Seattle Startup Week: Women Entrepreneurs All About Business

October 27, 2015

5:00 pm

Seattle Startup Week is an opportunity for founders and entrepreneurs to connect and learn. Monday October 26, Janis Machala hosted the panel I previewed earlier this week. The discussion focused on stories and practical advice from women who successfully navigated the path from idea to MVP and on through to launch and scale. The discussion was honest and useful for everyone in the room.

Each panelist answered questions about their unique challenges. It was through their challenges each gained an epiphany about the startup world. The serendipity of connection is truly where the magic happens. Adina spoke about her search for a CTO co-founder. She found him through having Japanese tea with friends and sharing her goals and vision.

When the topic of being women entrepreneurs in a male-dominated space came up, Rebecca had the best quote of the panel. She said, “I can’t do anything about being a woman nor do I care to.” She went on to say that being a woman isn’t a problem unless you believe it to be. She never operated from that space, and when she began to realize how much of an issue it was to some people, she embraced the so-called limitation. “Limitations force your brain to think in creative ways,” she said.

The panel discussion turned to practical matters of funding, burn rate, and how and when to take on capital for the business. Each member had different thoughts about when the business needs to take on money and why, but all agreed on one thing: Having enough money to take care of your people is vital for the growth of the business. Rebecca said “Being lean is great, but you need to be prepared to make people comfortable enough to do their jobs.”

Beth’s story was the most interesting of the panel. She had a product on the market for three years with sales and revenue yet no one would invest with her. She said the medical device industry doesn’t have a business model for low-cost equipment. She had great design and product market fit, but investors would use her background as a professor and the fear of regulation to keep from buying in. So she shifted the structure and made a difference in third-world nations.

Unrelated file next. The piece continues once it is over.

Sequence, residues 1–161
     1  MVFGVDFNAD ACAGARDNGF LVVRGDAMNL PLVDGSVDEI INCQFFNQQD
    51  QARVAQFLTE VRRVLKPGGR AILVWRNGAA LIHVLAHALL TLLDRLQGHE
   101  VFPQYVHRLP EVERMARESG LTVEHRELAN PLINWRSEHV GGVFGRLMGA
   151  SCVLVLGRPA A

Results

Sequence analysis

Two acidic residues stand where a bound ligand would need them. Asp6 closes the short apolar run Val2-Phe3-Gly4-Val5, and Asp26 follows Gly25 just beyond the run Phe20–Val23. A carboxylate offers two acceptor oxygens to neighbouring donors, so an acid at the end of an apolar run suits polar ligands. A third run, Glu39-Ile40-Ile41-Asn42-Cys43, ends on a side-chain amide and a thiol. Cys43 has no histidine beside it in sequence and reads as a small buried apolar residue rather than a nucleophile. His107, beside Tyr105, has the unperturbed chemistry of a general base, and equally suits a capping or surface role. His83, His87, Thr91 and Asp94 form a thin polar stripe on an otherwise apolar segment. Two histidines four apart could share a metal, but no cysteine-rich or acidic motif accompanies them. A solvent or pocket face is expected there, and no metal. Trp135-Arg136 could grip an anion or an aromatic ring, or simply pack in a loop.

The topic of family and health came up. Adina and Mary shared their revelations. Adina’s lesson is that it’s possible to raise funding and take care of yourself. She realized the 80-hour work week start-up standard was a myth. She wishes she had realized it sooner for her health. Mary’s lesson was setting work limits for herself so she could spend time with her family.  She is happy she set those standards for herself.

Each panelist was in agreement on the importance of defining and sticking to your core values. Rebecca was thankful she had the conversation with her co-founder very early in their relationship. Adina agreed but from a different space. She said she listened to a lot of people early in the process. The sometimes conflicting advice was tough for her to assimilate. She said ” I realized people older than you don’t always know what they are talking about. I thought they would know something about a new company in a new space. They didn’t. If you don’t believe something someone tells you don’t do it. Trust your gut. Don’t give someone else’s advice more weight than your own.”

Janis reinforced this to the group when she said, “Not everyone’s money is green in the way you want it to be green..Believe in what you are doing rather than let your investors whipsaw you into something you don’t want to do.”

Moving forward, each panelist was quick to point out the need for a good team. Without the right co-founders and team members they would not be in their current situations. Adina was very clear on this point. These are people you will spend the majority of your life around. Do you like them and can you carry out your goals with them?

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I am a technology start up writer. I love to explore the people and stories behind the new ideas changing the world. The best part of the discovery is the preparation which goes into the project. I believe context is important for ALL questions. The most important question you will ever ask and answer is why.

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